It's hard to watch the current turmoil in Egypt and not wonder what it means for us, particularly with regard to energy. Although Egypt's oil production roughly balances its consumption, the Suez Canal and the Sumed pipeline, with its Mediterranean terminus west of Alexandria, represent important transit routes for Eastern Hemisphere oil going to Europe--though not as important as in the past. And while some politicians have already cited this situation as a "wake-up call" and indication of our energy insecurity, the risk of a serious supply disruption appears low, unless the protests spread to the major oil producing countries of the Middle East. Yet even short of that extreme, renewable energy stands to benefit from the uncertainty these events create, as reflected in higher crude oil prices.
I don't claim any unique perspective on the events in Egypt or their likely outcome, although some of the scenarios I can envision are extremely worrying. I've read heaps of articles and op-eds on the subject and listened to a media conference call from the Council on Foreign Relations, but if there's a consensus view I haven't found it yet. What I do see, however, is that since the protests started on January 25, and without any actual disruption in oil deliveries, the price of UK Brent crude--currently a better indicator of global oil prices than West Texas Intermediate--has climbed by around $5 per barrel and now trades solidly above $100. And while that might reflect other factors in addition to an Egypt risk premium, currency exchange rates don't seem to be one of them.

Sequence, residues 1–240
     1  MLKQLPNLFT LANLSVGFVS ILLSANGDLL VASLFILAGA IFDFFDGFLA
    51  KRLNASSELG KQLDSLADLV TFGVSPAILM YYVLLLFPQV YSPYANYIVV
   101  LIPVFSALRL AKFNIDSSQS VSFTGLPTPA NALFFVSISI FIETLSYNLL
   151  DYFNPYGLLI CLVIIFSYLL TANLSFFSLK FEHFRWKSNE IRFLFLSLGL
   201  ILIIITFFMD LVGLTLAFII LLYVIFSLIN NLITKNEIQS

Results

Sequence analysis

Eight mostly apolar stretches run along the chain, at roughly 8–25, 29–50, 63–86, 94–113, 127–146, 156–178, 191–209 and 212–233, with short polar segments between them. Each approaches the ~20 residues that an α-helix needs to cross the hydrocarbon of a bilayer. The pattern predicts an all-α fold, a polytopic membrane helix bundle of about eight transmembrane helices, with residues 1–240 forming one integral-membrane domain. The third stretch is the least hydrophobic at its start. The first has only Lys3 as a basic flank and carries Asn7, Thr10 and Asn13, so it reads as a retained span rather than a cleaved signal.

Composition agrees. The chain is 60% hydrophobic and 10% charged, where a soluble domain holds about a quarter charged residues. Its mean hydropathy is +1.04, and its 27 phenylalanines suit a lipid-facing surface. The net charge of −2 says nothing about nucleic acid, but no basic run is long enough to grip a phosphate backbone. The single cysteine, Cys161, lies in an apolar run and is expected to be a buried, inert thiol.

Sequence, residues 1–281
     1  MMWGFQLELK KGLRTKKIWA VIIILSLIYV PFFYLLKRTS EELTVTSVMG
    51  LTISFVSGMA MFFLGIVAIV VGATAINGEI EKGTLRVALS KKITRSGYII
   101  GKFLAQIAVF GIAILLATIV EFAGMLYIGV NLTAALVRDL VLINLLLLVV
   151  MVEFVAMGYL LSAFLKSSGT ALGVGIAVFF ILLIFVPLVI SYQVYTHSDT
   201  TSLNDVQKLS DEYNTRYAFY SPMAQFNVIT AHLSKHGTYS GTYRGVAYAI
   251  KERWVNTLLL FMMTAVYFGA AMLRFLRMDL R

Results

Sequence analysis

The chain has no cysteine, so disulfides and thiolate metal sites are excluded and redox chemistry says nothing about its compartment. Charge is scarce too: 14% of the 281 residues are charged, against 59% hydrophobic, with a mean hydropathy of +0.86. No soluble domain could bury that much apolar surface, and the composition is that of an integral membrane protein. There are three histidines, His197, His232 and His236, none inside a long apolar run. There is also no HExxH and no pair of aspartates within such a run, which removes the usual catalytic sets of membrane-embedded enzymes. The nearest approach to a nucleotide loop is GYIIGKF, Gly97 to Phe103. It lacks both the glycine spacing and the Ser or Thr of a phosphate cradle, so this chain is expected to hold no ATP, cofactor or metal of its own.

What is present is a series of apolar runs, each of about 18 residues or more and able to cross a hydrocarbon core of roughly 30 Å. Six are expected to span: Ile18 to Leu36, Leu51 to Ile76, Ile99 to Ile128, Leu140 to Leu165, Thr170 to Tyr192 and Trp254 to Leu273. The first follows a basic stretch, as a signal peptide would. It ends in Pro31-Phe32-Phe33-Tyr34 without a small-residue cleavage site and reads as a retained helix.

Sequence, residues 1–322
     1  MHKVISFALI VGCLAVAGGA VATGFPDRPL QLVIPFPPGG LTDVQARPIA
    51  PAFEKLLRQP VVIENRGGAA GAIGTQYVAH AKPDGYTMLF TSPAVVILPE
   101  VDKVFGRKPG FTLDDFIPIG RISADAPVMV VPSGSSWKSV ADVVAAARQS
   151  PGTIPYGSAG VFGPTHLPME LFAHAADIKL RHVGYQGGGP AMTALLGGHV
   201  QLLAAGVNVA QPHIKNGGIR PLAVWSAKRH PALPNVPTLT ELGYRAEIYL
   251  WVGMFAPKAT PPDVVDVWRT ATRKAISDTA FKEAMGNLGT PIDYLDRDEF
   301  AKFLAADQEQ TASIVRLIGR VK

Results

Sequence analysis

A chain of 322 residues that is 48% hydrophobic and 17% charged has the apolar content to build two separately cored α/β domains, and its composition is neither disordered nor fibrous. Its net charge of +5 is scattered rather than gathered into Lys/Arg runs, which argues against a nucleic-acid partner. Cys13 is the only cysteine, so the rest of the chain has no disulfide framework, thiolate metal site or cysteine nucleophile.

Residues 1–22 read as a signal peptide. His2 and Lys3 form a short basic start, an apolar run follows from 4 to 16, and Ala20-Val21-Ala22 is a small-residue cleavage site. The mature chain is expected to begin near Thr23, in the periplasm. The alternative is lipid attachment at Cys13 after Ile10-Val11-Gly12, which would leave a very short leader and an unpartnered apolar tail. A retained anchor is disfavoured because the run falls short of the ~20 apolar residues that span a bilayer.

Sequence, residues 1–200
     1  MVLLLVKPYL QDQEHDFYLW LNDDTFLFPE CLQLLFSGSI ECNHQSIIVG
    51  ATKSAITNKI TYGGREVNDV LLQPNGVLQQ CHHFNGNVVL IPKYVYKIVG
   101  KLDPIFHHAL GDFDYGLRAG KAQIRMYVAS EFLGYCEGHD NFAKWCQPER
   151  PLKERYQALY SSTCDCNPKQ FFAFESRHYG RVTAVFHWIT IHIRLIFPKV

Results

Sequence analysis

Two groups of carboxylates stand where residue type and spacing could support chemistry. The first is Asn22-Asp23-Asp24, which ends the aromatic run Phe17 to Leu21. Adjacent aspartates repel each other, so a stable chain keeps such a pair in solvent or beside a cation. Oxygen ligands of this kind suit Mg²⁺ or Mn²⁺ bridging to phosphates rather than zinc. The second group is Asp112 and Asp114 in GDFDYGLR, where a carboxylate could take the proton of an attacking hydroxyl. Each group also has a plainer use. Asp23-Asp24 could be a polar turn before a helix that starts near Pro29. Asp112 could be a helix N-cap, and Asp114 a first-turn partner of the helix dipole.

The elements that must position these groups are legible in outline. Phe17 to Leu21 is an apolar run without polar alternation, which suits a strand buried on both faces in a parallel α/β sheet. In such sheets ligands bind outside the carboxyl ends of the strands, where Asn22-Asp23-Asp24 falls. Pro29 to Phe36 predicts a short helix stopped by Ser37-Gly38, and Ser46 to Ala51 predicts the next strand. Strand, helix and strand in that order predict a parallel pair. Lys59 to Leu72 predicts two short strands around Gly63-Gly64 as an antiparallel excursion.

If the present instability persists or spreads, oil prices are likely to go even higher. Renewables such as ethanol and other biofuels could benefit from that in a way that they haven't from the general increase in oil prices since the middle of last year. That trend was mainly attributable to resurgent global economic growth, particularly from developing Asia. China's GDP grew by more than 10% last year. Along the way, the prices of renewable energy products that compete directly with oil went up, but so did the cost of inputs such as grains and oilseeds, as part of a general surge in global commodity prices. As a result the "crush spread", the margin for turning corn into ethanol, has contracted since mid-2010 and currently stands at essentially zero on the basis of prompt ethanol and corn futures. Biodiesel margins should have experienced something similar, if soybean oil prices are any indication. These products stand to gain if oil prices are driven up by factors that don't also push up the prices of the commodities from which they're made.
Of course that's not the only possible outcome. This week's Economist even notes the potential for a scenario yielding the opposite result. They see other Middle Eastern countries stockpiling grain to avert protests of the kind that have spread from Tunisia to Algeria, Egypt, Jordan and Yemen, and driving up its cost in the process. However, that element of the scenario is more credible than the accompanying suggestion that the region's oil producers might boost production to pay for that extra grain, thereby sinking oil prices. At current levels, the region's oil exporters are already earning on the order of $1.5 billion a day, and even a small producer like Oman should be taking in around $20 billion a year. Even at $9 per bushel the entire 2009/10 wheat imports of Lebanon, Iraq, Iran, Israel, Jordan, Kuwait, Saudi Arabia, the UAE and Yemen barely top $6 billion.
It's worth recalling that if the recent rise in oil prices is reminiscent of 2007 and 2008, OPEC has far more spare capacity in reserve this time. It has done a remarkable job of avoiding the temptation to pump more to gain market share. Even with some cheating around the quotas, they've kept the market tight. If OPEC changes that policy, it seems likelier they'd do so to avoid stalling the global recovery than to cover some additional grain imports for which they already have ample cash on hand. Stay tuned.
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